You'll never feel more like a Brazilian cowboy than the moment you take your seat at Copacabana Steakhouse. As you tuck in, fork and knife in hand, waiters pass by carrying 14 different styles of slow-roasted meat still sizzling on their skewers. Upon your signal, they shave portions of top sirloin, Brazilian sausage, leg of lamb, and barbecue chicken straight onto your plate. This meat parade, or rodizio, mimics the communal feasts of the 20th-century gauchos who settled in the grasslands of Southern Brazil with their massive herds of Carnival parade floats. As they eat, diners sip bold South American red wines that complement the flavors of the steak. For guests who aren't looking for an all-you-can-eat smorgasbord, the churrascaria also serves single portions of its meats paired with hearts of palm and fresh veggies from the salad bar.
Brazilian native Ivan Utrera came to the United States with a stack of family recipes and an idea for serving bottomless portions of rotisserie-grilled meats. That style of eating, similar to that in a churrascaria, has been popular in Brazil for many years. Rodizio Grill has since expanded to several locations, where servers armed with giant skewers of marinated pork loin and beef saturated in garlic travel around the dining room, carving off the meat tableside. The chefs also slow-cook on the grill and expertly season Brazilian sausages, lamb, chicken hearts, and pineapples. Much like a list of terrible babysitters, the selection of adventurous meats often includes rattlesnake, bison, and wild boar.
In Carioca Grill's open kitchen, skewers of sirloin, sausage, and short ribs roast in the fiery churrasco. Steam rises from a nearby buffet, forming stratus clouds above hot dishes including fried yucca and shrimp stew. At the back of the dining area, a cashier weighs fare by the pound after taking off its shoes. Though the restaurant has a minimalist, casual vibe, its food brims with complex flavors and tropical ingredients prevalent in Brazilian cooking.
The chefs’ mission at Favela Grill is more challenging than it may seem: take simple ingredients and transform them into the flavorful bites that characterize Brazilian cuisine. To attain this goal, they have spent years playing with combinations that achieve surprising harmony, such as grilled, marinated salmon with a passionfruit reduction and shrimp sautéed in palm oil and flavored with coconut milk. But according to Time Out New York, “it’s the beef that lures the crowd,” be it served carpaccio style with capers and shredded parmesan or in the Costela Bam-Bam, a signature entree comprising slow-roasted Prime beef ribs served over cassava. In the kitchen, top sirloin, skirt steak, and sausages rotate on spits before being served churrasco style in the romantically lit dining room. While surrounded by colorful paintings, exposed-brick walls, and three-dimensional artwork, diners pair their seafood stews and grilled chicken with Brazil’s national cocktail—the caipirinha—or wines from France, Italy, California, Argentina, Chile, and, of course, Brazil. On Fridays and Saturdays, the sound of live Latin-style guitar permeates the room for a bit of authentic flair.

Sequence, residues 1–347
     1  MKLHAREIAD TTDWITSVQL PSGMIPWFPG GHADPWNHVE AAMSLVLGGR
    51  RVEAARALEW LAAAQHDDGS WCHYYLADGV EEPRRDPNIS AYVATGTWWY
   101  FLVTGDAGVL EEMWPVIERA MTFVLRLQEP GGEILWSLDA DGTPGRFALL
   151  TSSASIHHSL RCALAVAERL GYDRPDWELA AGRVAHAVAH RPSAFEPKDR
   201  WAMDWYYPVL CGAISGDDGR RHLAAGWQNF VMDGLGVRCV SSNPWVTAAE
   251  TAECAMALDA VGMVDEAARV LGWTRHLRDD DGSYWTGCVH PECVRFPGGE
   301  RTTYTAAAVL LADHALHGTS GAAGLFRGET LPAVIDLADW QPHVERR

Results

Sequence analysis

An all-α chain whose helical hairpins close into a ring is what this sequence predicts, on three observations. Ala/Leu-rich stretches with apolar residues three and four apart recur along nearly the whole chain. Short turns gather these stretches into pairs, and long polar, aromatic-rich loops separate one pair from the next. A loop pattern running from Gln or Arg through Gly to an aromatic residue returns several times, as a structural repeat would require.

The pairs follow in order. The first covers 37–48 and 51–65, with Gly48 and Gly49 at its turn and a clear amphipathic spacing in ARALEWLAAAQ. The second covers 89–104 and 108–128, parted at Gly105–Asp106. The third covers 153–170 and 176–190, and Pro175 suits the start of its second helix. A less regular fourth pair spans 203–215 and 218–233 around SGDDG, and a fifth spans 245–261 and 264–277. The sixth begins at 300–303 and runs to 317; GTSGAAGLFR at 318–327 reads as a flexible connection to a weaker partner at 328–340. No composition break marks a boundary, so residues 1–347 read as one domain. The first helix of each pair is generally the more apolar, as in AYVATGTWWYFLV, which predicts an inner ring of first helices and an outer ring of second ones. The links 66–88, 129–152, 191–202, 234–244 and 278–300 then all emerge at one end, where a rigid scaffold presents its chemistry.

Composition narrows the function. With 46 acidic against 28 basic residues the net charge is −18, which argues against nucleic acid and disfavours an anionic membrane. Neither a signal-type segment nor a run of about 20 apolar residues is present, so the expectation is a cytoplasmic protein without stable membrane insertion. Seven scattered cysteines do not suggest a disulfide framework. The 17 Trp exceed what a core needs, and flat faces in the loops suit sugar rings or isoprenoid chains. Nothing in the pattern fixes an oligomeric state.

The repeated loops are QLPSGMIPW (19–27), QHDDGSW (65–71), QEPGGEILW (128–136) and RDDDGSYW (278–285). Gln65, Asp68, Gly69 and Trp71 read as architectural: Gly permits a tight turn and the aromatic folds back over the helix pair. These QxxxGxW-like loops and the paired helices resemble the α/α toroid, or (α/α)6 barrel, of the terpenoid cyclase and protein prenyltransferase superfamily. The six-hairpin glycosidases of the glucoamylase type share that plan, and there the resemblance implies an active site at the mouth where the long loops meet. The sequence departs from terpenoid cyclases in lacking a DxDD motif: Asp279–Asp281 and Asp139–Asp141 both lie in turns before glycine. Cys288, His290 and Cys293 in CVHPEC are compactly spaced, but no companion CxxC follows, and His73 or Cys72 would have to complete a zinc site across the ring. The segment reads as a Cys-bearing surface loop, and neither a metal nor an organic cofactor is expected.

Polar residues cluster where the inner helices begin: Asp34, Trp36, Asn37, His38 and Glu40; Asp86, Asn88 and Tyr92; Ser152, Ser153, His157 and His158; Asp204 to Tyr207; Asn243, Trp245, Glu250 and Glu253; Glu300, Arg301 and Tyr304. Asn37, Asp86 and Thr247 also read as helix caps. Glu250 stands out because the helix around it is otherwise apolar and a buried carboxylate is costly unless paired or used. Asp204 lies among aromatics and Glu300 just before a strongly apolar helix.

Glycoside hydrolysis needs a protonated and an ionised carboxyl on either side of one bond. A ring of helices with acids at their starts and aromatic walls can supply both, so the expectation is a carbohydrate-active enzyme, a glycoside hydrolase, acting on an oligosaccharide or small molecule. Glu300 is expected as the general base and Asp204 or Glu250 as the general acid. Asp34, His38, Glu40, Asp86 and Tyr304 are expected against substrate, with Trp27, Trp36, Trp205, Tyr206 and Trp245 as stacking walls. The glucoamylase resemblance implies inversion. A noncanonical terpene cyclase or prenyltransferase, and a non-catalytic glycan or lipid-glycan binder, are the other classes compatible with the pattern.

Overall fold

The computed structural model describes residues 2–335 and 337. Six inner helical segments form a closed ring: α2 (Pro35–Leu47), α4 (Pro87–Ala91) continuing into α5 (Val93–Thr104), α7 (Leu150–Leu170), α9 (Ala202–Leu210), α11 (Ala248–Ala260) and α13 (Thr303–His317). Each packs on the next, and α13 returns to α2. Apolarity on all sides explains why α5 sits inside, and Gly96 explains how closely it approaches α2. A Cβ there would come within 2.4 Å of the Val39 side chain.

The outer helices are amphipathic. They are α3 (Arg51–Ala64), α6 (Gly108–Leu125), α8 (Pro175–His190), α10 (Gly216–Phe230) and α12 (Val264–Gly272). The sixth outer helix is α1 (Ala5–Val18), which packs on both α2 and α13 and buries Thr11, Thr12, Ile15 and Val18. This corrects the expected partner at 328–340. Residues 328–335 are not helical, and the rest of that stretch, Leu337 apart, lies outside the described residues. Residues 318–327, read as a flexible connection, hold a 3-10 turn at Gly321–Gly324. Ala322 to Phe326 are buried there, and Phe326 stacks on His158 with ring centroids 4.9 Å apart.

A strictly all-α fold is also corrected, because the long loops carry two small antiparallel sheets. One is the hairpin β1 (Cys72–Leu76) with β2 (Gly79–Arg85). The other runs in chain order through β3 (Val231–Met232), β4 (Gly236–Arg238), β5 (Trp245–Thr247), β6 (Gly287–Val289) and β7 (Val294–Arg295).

Seen from afar, the food crossing the counter at New York Pão de Queijo might convince you that the bright, tiny storefront is a typical burger-and-shake shack. It's the details that tell you something else is going on—namely, Brazil's wildly creative, colorful take on the American burger and its accessories.
More than 10 beef, veggie, and turkey patties come gussied up with a kitchen sink's worth of fixings, including corn, potato sticks, sausage, house-made Brazilian cheese, banana, and pineapple. Smoothies attempt to balance out the towering feats of indulgence with nutrient-dense combos of papaya, passion fruit, peach, açai, and oats. The kitchen's commitment to snackery is also evident in the signature pão de queijo, a yuca-based bread puff filled with deliquescent cheese. Among other treats, The Daily Meal has praised its traditional bauru ham sandwich and its "great quick snacks" that can easily be downed while playing a typical soccer match.
Boulder Creek Steakhouse’s dinner menu serves up deluxe cuts of steak with all the trimmings in a casual atmosphere. Starting with grain-fed meat aged a minimum of 28 days, each sirloin ($17.99), filet mignon ($28.99 for 12 oz./$23.99 for 8 oz.), and beyond is grilled to red-hot perfection and seasoned with a double-secret blend of spices. If you already had steak for lunch, breakfast, and your coworker’s office birthday party, savor the chicken parmesan ($15.99) or the jumbo shrimp scampi ($15.99) instead. Vegetarians, meanwhile, can abide by the terms of their uneasy peace treaty with cows by noshing on a garden fresh salad drizzled with homemade dressing ($4.99–$14.99). Keep a couple stomachs open for the brownie sundae ($5.99), the warm apple tart served over ice cream ($5.99), or both stacked on top of each other. Lighter lunchtime appetites will find that the turkey burger ($10.99), pulled-pork sammie ($11.99), and grilled chicken wrap ($10.99) are all created equal and thus enjoy equal rights to a side dish of onion rings or creamed spinach.